Cloudflare reverse DNS SERVFAIL, normal?

Owen DeLong owen at delong.com
Tue Aug 30 21:39:10 UTC 2016


> On Aug 29, 2016, at 17:01 , Mark Andrews <marka at isc.org> wrote:
> 
> 
> In message <20160829234737.GA16137 at cmadams.net>, Chris Adams writes:
>> Once upon a time, Mark Andrews <marka at isc.org> said:
>>> The following is general and is not directed at Cloudflare.  I know
>>> some people don't think errors in the reverse DNS are not critical
>>> but if you are delegated a zone it is your responsablity to ensure
>>> your servers are correctly serving that zone regardless of where
>>> it is in the DNS heirarchy.  Failure to do that causes additional
>>> work for recursive servers.  If you don't want to serve a zone then
>>> remove the delegation.
>> 
>> You are assuming that an authoritative server operator has some way to
>> know all the zones people delegate to their servers, and remove such
>> delegations if they don't want to handle them.  That is a wrong
>> assumption.
> 
> They have methods.  They choose not to use them.  See RFC 1033
> COMPLAINTS then after that the court system.
> 
> Mark

Let us review this and compare to your statement…

From RFC 1033:
> COMPLAINTS
> 
>    These are the suggested steps you should take if you are having
>    problems that you believe are caused by someone else's name server:
> 
> 
>    1.  Complain privately to the responsible person for the domain.  You
>    can find their mailing address in the SOA record for the domain.
> 
>    2.  Complain publicly to the responsible person for the domain.
> 
>    3.  Ask the NIC for the administrative person responsible for the
>    domain.  Complain.  You can also find domain contacts on the NIC in
>    the file NETINFO:DOMAIN-CONTACTS.TXT
> 
>    4.  Complain to the parent domain authorities.
> 
>    5.  Ask the parent authorities to excommunicate the domain.

1.	Doesn’t really apply in a situation where someone has pointed
	an NS record for a domain at your server without warning. There
	is no SOA record from which to retrieve said mailing address.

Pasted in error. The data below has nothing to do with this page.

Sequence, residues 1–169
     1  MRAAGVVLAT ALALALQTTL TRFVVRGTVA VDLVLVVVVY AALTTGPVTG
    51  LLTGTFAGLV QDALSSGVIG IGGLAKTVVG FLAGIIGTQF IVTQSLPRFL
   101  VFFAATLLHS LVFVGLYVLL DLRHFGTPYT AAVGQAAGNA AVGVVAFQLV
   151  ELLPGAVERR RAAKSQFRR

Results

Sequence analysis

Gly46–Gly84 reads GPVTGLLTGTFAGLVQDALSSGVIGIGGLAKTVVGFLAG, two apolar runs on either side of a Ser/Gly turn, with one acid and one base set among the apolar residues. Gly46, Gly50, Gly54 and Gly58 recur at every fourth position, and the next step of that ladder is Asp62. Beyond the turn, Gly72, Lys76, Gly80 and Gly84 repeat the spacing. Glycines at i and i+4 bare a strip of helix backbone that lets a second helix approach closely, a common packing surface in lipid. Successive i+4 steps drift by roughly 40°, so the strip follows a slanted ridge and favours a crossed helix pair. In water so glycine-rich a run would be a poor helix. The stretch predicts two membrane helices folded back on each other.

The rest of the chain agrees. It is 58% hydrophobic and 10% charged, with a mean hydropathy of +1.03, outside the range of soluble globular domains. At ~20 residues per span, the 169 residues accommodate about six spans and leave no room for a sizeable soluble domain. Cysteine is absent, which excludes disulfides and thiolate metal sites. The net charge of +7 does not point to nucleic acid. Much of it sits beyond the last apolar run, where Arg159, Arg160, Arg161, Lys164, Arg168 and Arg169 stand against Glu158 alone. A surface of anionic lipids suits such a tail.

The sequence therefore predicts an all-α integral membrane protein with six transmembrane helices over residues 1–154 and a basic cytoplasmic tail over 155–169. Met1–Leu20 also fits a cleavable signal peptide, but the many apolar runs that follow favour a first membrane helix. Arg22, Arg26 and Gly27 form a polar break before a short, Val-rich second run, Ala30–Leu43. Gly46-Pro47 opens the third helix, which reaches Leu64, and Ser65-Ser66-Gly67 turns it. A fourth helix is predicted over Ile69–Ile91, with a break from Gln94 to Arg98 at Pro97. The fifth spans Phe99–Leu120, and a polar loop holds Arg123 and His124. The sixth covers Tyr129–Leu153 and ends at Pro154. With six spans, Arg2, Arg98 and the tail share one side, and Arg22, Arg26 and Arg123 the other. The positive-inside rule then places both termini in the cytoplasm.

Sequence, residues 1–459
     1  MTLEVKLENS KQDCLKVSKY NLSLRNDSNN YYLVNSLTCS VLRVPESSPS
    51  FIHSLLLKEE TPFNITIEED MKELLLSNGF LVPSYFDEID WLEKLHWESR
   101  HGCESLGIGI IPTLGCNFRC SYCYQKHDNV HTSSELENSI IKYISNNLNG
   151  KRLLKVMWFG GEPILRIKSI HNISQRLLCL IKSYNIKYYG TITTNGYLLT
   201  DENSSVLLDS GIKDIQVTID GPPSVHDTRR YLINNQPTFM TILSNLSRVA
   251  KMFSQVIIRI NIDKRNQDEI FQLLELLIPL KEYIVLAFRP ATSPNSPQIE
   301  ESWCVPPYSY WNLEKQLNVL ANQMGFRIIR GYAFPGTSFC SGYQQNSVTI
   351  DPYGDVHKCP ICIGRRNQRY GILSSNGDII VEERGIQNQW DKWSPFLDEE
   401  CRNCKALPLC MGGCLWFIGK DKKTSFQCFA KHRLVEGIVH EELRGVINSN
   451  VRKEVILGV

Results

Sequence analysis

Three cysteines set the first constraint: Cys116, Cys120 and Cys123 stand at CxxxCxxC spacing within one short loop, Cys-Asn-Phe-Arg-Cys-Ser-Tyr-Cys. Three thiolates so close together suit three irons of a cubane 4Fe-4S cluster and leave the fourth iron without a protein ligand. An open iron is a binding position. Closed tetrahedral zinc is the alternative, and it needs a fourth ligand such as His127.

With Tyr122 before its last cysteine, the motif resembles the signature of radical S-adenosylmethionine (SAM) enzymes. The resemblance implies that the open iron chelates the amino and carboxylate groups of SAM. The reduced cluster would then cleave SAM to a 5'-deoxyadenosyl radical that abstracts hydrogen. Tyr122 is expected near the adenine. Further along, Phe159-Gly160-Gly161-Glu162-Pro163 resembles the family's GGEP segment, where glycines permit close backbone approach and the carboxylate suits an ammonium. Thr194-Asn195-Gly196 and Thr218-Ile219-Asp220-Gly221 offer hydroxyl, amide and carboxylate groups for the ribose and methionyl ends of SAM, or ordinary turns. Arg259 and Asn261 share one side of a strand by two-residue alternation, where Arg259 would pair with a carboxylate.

Also doesn’t work very well in cases where the SOA record does
	not contain a valid email address that reaches someone.

2.	Do we really want NANOG buried in “Will the
	@#@[email protected][email protected]$% who delegated XYZ.COM <http://xyz.com/> NS Records to point to
	my servers <name> and <name> please cease and desist?”
	messages? Personally, I vote no.

3.	The NIC? Please explicate Mr. Andrews what that would mean
	in the modern era. Please cover both the normal case and
	the cases where domain privacy is configured.

4.	This might _MIGHT_ actually work, but I suspect that $REGISTRY
	is unlikely to help much when $REGISTRAR accepted an NS record
	from one of their customers for a domain they registered
	that happens to point to your server. Similarly, I suspect
	$REGISTRAR is going to tell you that they won’t make changes
	without authorization from the domain owner.

5.	I suspect that success in this effort will likely parallel
	the level of success I would expect in step 4.

So, now that we’ve realized that RFC-1033 is utterly useless in this
context and badly outdated to boot, let’s review your other suggestion…


“… after that [sic] the court system.”

[sic] refers to the missing comma.

So let me see if I understand correctly.

I run a pair of nameservers. Let’s call them ns1.company.com <http://ns1.company.com/> and ns2.company.com <http://ns2.company.com/>

Someone registers example.com <http://example.com/> and points NS records in the COM zone at my
nameservers.

I’m now supposed to seek judicial relief in order to compel them to stop
doing that?

Small claims doesn’t process claims seeking injunctive relief. I suppose I could
use a $1,500 or even $5,000 small claims case as a way to get their attention,
but that’s kind of an abuse of the process. If I want an injunction, at least
in California, I have to go to Superior court.

Now, first, we have to figure out jursidiction. As a general rule, jurisdiction
goes to the court which is responsible for the locale in which the event takes
place or where the contract was entered into, or the jursidiction set by the
contract. In this case, there’s no contract, so we have to look at where the
event in question occurred. The problem is that the law hasn’t really caught
up with technology in this area and depending on who ends up being parties
to the suit, the definition gets pretty murky at best. Is it the primary
office of the registry? The registrar? The registrant? The location of the
nameserver(s) which are erroneously pointed to? (What if they are anycast
all over the world?) The business address of the operator or owner of those
nameservers? Where, exactly do we file this suit?

The next problem we have is who to sue. Do we sue the domain registrant? The
registrar they used to register the domain name? etc.

Yeah, I don’t think there’s enough possibility of any sort of recovery to
make that worth the effort or expense.

Owen




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